Hnida Describes The Worst Night Of His Life
He also brought along an extra pair of combat boots and fatigues so Brooke could really get a feel for eating MRE’s (Meals Ready to Eat) while sitting in a sandbox.
Wagner learned she didn’t mind the taste of the Army version of chicken cavatelli, but the smell was a bit much. She also learned a lot more about why Hnida felt compelled to sign up as a reservist and to become Lt. Col. Hnida.
“That’s probably my No. 1 question. ‘Why are you doing this?’ and the answer is, ‘I have no idea.’ It seemed like a good idea at the time,” Hnida said. “I joined in 2003, the war was getting ready to get started, they needed doctors. Almost 80 percent of the doctors are reservists and they’re very short.”
Hnida admits his family did not think it was a good idea.
“It’s hard on a family and I really feel sorry for the people who are getting repeat deployments,” he said.
Hnida spent his summer at a combat support hospital, a facility to which injured troops are rushed for life-saving treatment. Even though he had been to Iraq before, he was surprised by what he encountered.
“You have no warning often of what’s coming in and even for those of us who have seen really bad things before going there, I think we were all kind of stunned,” Hnida said.
Hnida has a newsroom reputation of being calm under pressure. That calm proved crucial in Iraq.
“Worst night of my life was at 3:30 in the morning when I had a couple of really seriously wounded American kids come in, just bleeding all over the place. We put pages out to everybody; I was the only person in the hospital.”
“Our pager system was down. I was like ‘Holy smoke, what am I going to do?’ It was terrifying and to this day I still have this recurrent nightmare of just being powerless and going place to place to find help because I couldn’t take care of two people who were bleeding to death.”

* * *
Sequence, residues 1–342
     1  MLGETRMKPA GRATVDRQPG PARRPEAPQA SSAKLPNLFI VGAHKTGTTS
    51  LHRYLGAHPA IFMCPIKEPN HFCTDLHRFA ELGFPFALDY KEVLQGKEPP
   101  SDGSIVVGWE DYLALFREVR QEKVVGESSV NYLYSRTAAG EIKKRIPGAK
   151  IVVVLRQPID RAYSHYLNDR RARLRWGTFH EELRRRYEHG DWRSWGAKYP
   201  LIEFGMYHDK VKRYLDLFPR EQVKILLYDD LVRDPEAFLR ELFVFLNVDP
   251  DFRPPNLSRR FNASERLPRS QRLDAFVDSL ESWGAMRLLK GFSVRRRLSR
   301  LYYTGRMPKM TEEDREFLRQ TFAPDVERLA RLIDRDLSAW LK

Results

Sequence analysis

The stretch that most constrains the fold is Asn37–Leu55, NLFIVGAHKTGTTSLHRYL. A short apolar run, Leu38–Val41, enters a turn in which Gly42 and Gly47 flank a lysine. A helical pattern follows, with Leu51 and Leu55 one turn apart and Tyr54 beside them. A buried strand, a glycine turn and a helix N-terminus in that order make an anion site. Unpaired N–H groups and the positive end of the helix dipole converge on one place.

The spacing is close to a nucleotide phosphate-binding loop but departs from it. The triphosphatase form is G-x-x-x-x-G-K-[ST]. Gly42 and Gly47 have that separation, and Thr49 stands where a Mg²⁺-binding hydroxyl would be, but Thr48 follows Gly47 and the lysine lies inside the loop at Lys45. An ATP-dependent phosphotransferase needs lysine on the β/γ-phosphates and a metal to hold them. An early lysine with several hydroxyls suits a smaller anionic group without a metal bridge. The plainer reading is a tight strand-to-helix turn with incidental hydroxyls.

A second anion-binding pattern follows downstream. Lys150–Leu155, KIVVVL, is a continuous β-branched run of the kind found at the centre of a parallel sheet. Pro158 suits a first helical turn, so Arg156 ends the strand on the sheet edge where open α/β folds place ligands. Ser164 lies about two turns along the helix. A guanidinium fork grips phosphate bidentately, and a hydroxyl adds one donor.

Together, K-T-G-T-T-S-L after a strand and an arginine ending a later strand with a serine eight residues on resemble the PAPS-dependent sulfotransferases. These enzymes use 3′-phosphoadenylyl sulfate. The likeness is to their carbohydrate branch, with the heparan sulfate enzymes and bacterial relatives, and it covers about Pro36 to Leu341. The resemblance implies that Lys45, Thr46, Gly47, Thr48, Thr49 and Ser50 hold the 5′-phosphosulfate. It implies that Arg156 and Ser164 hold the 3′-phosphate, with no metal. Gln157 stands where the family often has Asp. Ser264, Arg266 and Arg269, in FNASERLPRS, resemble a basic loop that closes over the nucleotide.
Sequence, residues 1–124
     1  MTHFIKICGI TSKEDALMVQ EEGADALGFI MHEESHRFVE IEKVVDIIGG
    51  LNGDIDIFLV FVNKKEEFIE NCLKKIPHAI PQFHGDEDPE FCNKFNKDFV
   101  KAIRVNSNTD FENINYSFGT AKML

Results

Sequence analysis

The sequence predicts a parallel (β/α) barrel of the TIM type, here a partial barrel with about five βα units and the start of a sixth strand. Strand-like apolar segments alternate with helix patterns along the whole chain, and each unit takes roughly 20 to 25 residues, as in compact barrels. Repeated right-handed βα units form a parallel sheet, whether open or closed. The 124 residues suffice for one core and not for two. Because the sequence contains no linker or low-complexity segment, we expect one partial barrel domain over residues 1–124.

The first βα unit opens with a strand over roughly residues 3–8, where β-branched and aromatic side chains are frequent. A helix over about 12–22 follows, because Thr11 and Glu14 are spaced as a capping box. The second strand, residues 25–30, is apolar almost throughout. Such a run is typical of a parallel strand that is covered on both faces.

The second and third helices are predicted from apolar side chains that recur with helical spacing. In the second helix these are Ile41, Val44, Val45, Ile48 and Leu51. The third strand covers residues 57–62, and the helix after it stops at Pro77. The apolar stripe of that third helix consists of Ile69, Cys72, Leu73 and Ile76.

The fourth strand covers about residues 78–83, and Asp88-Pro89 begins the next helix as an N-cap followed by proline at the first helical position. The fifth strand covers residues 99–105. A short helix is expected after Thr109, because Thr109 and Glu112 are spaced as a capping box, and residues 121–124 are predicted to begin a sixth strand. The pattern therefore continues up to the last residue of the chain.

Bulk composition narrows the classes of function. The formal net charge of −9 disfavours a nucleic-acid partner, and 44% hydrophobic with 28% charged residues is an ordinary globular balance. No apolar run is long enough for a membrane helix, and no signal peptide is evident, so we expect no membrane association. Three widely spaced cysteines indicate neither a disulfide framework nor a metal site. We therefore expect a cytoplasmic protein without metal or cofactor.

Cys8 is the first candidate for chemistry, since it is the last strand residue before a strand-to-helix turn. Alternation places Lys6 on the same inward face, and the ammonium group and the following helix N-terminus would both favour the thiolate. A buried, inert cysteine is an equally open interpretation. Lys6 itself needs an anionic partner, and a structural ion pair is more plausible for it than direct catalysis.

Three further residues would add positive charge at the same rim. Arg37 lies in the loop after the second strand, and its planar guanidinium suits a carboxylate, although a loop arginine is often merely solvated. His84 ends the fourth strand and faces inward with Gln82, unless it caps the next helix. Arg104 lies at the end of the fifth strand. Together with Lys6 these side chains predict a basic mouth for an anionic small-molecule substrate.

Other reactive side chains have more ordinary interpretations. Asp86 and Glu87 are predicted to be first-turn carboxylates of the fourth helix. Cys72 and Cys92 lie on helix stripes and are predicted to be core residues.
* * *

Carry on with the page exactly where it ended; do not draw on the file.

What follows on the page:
But Hnida did take care of them, and with the help of the young medics who brought the wounded soldiers in, their lives were saved.
Those soldiers and hundreds of others were saved in operating rooms housed in tents erected in the desert where temperatures reached 130 degrees.
“We called it the tongue of fire; it would be 130 degrees out and there would be this wind blowing at 40 miles per hour,” he said. “It was literally like a blast furnace.”
And the conditions inside those operating rooms are far different than what Hnida encounters in this country.
“You go in wearing boots, you go in with your pistol on,” he said. “You’d be just working away.”
Hnida knows his soldiers will live with scars, visible and not, and he is haunted with questions.
“Amongst the million of things that I think about and go through my mind every single day, that’s one of them, ‘Did I do the right thing?'”
But many of his thoughts are also more positive.
“It’s made me appreciate being home, made me appreciate family, friends. It’s made me appreciate good weather that’s not nine million degrees.”